Practicing Spiritual Discipline

by: Larry Davies | Aug 5, 2012

The topic this week in our spiritual leadership group was “Obedience and Spiritual Discipline.” I walked away from the class feeling more than a little guilty. My personal commitment to the spiritual disciplines has room for improvement. Like most I struggle to maintain a consistent habit of  prayer and personal study. I do regularly pray and I do regularly study the Bible but deep down, I feel that I can and should do better. If practicing the spiritual disciplines was an Olympic sport… I don’t see myself as gold medal material.

 

As a church leader, I want to set a better example. I shouldn’t struggle in this area, or should I? As I shared this with the group I quickly learned I was not alone. All of us struggle to consistently maintain spiritual discipline.

 

At times, we wonder: Has God really called me? Does God really have a plan for my life?

 

I found answers in a letter from the Apostle Paul: 1 Corinthians 1:26-31.

 

“Look carefully at your call brothers and sisters. By human standards, not many of you are deemed to be wise. Not many are considered powerful. Not many of you come from royalty, right? But celebrate this: God selected the world’s foolish to bring shame upon those who think they are wise; likewise, He selected the world’s weak to bring disgrace upon those who think they are strong. God selected the common and the castoff, whatever lacks status, so He could invalidate the claims of those who think those things are significant. So it makes no sense for any person to boast in God’s presence. Instead credit God with your new situation: you are united with Jesus the Anointed. He is God’s wisdom for us and more. He is our righteousness and holiness and redemption. As the Scripture says: ‘If someone wants to boast, he should boast in the Lord.'” (The Voice)

 

First we need to look carefully at our call. Everyone is called to serve God…. everyone! But everyone is called differently. What is your call? It’s important to periodically reexamine ourselves.

 

  • By human standards not many of you are deemed to be wise.
  • Not many are considered powerful.
  • Not many of you come from royalty, right?

 

So, if we’re not called because for our wisdom, power or royal lineage, then why are we called?

 

Good question and Paul provides a new kind of wisdom:

 

  • Celebrate this: God selected the world’s foolish to bring shame upon those who think they are wise,
  • He selected the world’s weak to bring disgrace upon those who think they are strong.
  • God selected the common and the castoff, whatever lacks status, so He could invalidate the claims of those who think those things are significant.

 

Why emphasize foolishness over wisdom? Weakness instead of strength? Common over significance? Why is this important to understand? To invalidate the claims of those who think those things are significant. In other words:

 

  • It makes no sense for any person to boast in God’s presence. Instead credit God with your new situation:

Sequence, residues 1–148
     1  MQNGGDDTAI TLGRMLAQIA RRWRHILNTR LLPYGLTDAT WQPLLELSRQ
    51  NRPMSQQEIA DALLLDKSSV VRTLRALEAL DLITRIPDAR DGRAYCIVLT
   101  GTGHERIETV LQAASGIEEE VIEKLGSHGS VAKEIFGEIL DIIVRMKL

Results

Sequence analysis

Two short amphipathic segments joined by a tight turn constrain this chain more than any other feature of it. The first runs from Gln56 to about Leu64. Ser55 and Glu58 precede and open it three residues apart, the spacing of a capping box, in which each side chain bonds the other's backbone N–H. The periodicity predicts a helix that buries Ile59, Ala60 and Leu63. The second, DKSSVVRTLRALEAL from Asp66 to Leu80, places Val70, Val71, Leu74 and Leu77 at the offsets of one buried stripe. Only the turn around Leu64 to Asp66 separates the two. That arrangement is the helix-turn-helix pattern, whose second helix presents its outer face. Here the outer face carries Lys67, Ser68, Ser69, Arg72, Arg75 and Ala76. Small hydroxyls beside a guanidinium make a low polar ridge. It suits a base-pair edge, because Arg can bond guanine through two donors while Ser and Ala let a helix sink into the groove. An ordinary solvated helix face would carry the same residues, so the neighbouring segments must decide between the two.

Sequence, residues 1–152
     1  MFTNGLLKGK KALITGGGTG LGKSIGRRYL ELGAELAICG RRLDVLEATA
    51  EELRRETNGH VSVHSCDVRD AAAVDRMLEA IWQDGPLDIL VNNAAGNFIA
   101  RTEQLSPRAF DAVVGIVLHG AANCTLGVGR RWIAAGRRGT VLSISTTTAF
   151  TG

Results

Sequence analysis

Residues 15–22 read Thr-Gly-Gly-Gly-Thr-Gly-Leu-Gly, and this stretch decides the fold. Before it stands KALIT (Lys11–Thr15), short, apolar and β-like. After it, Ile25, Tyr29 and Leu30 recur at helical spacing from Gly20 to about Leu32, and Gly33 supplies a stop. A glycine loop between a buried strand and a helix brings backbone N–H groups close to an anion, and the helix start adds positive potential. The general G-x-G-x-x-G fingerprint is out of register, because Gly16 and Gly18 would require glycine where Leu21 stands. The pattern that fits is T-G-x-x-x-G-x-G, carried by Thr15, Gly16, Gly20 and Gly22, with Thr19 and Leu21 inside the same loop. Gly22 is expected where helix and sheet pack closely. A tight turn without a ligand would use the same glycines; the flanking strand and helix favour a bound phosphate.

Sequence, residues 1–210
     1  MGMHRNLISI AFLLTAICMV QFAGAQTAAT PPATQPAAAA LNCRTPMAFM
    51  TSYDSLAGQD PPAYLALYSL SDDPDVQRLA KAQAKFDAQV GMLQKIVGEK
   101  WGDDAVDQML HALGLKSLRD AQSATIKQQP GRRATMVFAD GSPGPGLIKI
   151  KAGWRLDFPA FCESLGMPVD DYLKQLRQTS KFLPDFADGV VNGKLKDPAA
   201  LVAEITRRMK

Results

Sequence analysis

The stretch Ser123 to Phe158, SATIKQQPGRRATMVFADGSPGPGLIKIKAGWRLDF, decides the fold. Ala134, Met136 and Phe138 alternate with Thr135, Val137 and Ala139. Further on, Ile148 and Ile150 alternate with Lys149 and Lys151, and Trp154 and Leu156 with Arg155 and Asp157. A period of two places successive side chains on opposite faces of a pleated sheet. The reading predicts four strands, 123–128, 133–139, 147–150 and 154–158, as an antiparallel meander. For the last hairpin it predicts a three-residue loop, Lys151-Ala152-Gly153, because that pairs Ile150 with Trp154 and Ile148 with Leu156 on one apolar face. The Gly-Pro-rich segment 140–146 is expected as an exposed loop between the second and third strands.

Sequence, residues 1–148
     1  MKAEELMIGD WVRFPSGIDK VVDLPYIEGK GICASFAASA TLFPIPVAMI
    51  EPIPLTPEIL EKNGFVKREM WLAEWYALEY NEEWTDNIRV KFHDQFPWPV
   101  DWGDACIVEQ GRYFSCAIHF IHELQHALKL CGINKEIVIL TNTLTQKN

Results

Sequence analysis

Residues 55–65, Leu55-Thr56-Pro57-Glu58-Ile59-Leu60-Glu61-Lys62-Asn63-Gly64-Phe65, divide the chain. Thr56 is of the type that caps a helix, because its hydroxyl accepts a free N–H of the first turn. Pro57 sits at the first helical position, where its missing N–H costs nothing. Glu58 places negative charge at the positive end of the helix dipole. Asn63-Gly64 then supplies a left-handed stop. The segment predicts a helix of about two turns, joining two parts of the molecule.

• you are united with Jesus the Anointed.
  • He is God’s wisdom for us and more.
  • He is our righteousness and holiness and redemption.
  • As the Scripture says: ‘If someone wants to boast, he should boast in the Lord.'”

 

I have no reason to boast. I wasn’t called to be wise. I was called to talk about God’s wisdom, God’s grace, God’s power and God’s righteousness. This is not about me. Everything I do is for God and I must trust in God to provide the rest.

 

The best spiritual leadership I can provide… points to God not to me.

 

I don’t have to feel guilty about my shortcomings.

 

God wants me to do better… but I was not called because of my innate spiritual abilities. I am called by God to be honest about my struggles and in the process help others.

 

Instead, we concentrate on improvement not perfection. John Maxwell writes about three particularly valuable assets for anyone who feels called to be a leader in the church or anywhere else:

 

  • Become highly teachable: Put yourself in learning roles whenever possible. Instead of talking in meetings, listen. Ask questions when you don’t understand. Adopt the attitude of a learner not an expert.
  • Plan your progress: Continually plan the books and courses you will pursue.
  • Value self-improvement above self-promotion.

 

Another way to face our spiritual shortcomings comes from Paul’s second letter to Corinth. “My grace is sufficient for you.” (12:9)

 

“My grace is sufficient for you.”

 

When you are feeling insecure: “My grace is sufficient for you.”

 

When you are feeling alone with your problems: “My grace is sufficient for you.”

 

I learned that I can do better when it comes to maintaining a regular habit of prayer and Bible study but I am not alone in my struggles and there are valuable lessons to be learned and shared with others.

 

But when all is said and done, I am thankful to hear God say, “My grace is sufficient for you.”

 

Thank you God. Amen.


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